Grok’s Tip #13: But Vanguard will tell you that…

grokGrok’s Tip #13: But Vanguard will tell you that…

Nothing complicated here. Just beware of your investment gurus. Even academics are often funded or directly working for various investment firms.

Be very careful about the so-called “academic” literature of investing. It’s not exactly the “ivory tower” out there these days- far from it. Many of these so called “academics”are in bed with various investment firms etc. You should always check what the authors affiliations are-how they get paid. Follow the money.

1) MIT Professor Andrew Lo, for example, is a hedge fund manager: … story.html
He is not the guy who is going to tell you that passive management is best and hedge funds are an expensive waste of time (they are!)

But Vanguard will tell you that:
“A mixed bag: Performance of hedge fund categories during and after the financial crisis.”

2) Wharton School Professor Jeremy Siegel is on the payroll of WisdomTree (can you say spindexes?)
He is not the guy who is going to tell you that fundamentally weighted indexes (aka Spindexes) like those offered by Wisdom Tree are not useful but are merely expensive, high turnover tilts toward “small” and “value” that can be more cheaply and easily done otherwise.

But Vanguard will tell you that:
Gus Sauter wrote:When you analyze so-called fundamental indexes, you find that, by and large, they are providing exposure to segments of the market, particularly value and smaller-cap stocks. In other words you are getting factor exposure, not broad-market exposure. This tilt is based on numerous academic studies showing that value and small-cap stocks have historically outperformed the broad market. If an investor believes small-cap value stocks will continue to outperform, we think it’s best to get exposure using a market-cap-weighted index that targets that segment of the market. That approach is more cost-efficient and more tax-efficient than using indexes that are based on ad hoc rules.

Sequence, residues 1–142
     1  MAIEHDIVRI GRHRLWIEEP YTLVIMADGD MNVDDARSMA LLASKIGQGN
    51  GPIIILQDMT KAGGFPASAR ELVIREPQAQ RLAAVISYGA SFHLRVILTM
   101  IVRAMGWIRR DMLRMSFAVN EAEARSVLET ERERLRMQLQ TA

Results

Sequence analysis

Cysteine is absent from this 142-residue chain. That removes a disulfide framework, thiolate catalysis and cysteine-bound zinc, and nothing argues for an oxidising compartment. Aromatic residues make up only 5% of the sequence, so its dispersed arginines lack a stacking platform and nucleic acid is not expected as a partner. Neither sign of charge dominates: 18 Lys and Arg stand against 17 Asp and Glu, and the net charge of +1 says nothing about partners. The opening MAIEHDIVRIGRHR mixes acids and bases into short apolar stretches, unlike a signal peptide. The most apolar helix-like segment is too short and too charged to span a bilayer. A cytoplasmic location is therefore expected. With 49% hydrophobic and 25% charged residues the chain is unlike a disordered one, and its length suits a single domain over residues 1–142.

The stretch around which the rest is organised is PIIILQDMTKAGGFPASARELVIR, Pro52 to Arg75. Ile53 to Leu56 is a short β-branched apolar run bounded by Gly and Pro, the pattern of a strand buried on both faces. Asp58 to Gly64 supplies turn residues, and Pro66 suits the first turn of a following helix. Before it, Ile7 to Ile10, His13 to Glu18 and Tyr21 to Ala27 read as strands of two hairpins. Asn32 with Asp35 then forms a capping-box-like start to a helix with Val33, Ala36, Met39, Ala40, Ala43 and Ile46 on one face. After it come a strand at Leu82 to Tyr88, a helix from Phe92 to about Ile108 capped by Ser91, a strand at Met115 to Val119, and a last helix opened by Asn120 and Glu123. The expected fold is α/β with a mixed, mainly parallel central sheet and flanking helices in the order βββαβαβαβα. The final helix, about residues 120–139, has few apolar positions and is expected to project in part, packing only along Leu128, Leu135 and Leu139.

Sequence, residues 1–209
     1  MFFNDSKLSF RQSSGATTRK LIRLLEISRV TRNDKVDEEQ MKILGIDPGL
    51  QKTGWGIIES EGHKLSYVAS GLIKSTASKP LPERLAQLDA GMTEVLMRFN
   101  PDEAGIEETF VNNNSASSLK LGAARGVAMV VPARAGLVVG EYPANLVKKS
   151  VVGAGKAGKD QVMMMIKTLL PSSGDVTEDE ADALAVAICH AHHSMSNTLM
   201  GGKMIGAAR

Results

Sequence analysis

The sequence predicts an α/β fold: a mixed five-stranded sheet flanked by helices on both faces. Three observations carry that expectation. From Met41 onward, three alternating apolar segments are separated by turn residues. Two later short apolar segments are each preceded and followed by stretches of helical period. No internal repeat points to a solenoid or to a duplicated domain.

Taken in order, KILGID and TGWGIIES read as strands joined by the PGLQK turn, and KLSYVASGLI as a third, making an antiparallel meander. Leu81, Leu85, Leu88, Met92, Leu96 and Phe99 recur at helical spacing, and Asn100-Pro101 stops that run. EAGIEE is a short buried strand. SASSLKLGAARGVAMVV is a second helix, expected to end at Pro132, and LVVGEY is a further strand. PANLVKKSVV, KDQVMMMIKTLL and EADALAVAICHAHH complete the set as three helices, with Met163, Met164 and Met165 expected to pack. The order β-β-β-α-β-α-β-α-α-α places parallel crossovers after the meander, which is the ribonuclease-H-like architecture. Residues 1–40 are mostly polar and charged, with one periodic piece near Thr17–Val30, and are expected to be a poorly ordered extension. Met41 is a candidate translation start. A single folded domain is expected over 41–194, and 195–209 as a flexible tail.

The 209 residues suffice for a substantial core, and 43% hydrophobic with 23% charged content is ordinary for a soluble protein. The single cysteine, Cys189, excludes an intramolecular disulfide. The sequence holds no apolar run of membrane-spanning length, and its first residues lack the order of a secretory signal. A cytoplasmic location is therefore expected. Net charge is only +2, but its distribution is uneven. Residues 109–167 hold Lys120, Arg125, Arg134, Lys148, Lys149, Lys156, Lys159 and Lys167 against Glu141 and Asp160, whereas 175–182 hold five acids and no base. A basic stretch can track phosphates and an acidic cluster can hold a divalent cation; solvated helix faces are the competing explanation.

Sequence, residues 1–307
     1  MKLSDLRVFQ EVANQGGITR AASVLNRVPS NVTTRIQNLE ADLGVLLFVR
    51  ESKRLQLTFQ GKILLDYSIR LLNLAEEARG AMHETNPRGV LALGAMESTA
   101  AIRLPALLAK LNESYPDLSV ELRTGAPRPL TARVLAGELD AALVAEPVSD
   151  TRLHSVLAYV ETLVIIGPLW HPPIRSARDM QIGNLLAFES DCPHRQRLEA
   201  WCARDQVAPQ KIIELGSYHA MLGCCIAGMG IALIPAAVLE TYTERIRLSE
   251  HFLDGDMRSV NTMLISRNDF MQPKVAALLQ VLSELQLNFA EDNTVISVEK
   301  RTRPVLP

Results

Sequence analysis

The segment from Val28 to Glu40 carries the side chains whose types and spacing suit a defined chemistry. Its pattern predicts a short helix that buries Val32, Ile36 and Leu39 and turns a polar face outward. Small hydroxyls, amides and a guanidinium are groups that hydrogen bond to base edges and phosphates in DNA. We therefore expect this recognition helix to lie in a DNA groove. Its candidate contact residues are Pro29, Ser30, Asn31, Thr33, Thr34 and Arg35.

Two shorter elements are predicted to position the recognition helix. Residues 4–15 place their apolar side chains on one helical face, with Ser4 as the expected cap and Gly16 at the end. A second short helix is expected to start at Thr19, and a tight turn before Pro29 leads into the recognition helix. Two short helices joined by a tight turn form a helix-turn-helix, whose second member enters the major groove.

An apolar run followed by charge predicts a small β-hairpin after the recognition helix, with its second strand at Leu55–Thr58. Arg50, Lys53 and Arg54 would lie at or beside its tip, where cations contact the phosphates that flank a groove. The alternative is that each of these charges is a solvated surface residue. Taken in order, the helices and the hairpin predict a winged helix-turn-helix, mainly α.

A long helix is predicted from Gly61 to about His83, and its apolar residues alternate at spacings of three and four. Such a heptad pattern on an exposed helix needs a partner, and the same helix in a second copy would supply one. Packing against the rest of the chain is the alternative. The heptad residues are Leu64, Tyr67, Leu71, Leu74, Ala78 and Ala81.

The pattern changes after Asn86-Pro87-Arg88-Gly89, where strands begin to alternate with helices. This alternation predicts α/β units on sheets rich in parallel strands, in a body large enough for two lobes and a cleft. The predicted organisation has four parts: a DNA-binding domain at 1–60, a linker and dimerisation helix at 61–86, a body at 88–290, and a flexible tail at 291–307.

3) Emeritus Princeton Professor Burton Malkiel is on the payroll of Alpha Shares and Alpha Shares is in bed with Claymore Securities doing China ETFs.
He apparently is very excited about the fact that China is growing quickly (who knew?). He is not the guy who is going to tell you that there is basically no relationship between how fast a country’s economy grows and how well its stock market performs. In fact some people think that the relationship is inverse.

But Vanguard will tell you that:
(See figure 2 on page 4 for that inversely sloping regression line).
Vanguard wrote:The intent of this paper is to caution long-term investors against making asset allocation decisions solely on the basis of expected economic growth. Our analysis shows that the average cross-country correlation between long- run GDP growth and long-run stock returns has been effectively zero. We show that this counterintuitive result holds across the major equity markets over the past 100 years, as well as across emerging and developed markets over the past several decades.

When I read an academic paper from Vanguard, I start out having a very high degree of apriori trust. When I read a paper by many of these so called academics, I am reminded of the following William Bernstein quote (From investors manifesto

William Bernstein wrote:you are engaged in a life-and-death struggle with the financial services industry. … If you act on the assumption that every broker, insurance salesman … and financial advisor you encounter is a hardened criminal, you will do just fine.

and to his list I would add, “so called academics on the payroll of the financial services industry.”

I don’t have much to add. As Grok says, do your research. And one of the best places to research appears to be Vanguard.

6 thoughts on “Grok’s Tip #13: But Vanguard will tell you that…

    1. Hi Charles, The commentator’s job is to make money for themselves and their employer. Pretty much everything you see on CNBC or Fox Business is known as investment porn. I never watch that stuff. I always try to do my own research.

      Thanks for reading and commenting.

    1. Hi Daisy, The thing I find most troubling is that lots of people that are known as experts or pundits have ulterior motives to push an agenda. It’s often very difficult to figure out what is truly in your own best interest.

      Thanks for stopping by and commenting.

  1. These days it’s incumbent on each of us to investigate the possible motivations and incentives behind the source of just about any information. For example, who produces the U.S. governments food guidelines? You might think health and nutrition professionals–nope. The answer is food industry shills.

    1. Hi Kurt, You are so right about the food guidelines. And yes, you should always check your sources of information.

      Thanks for reading and commenting.

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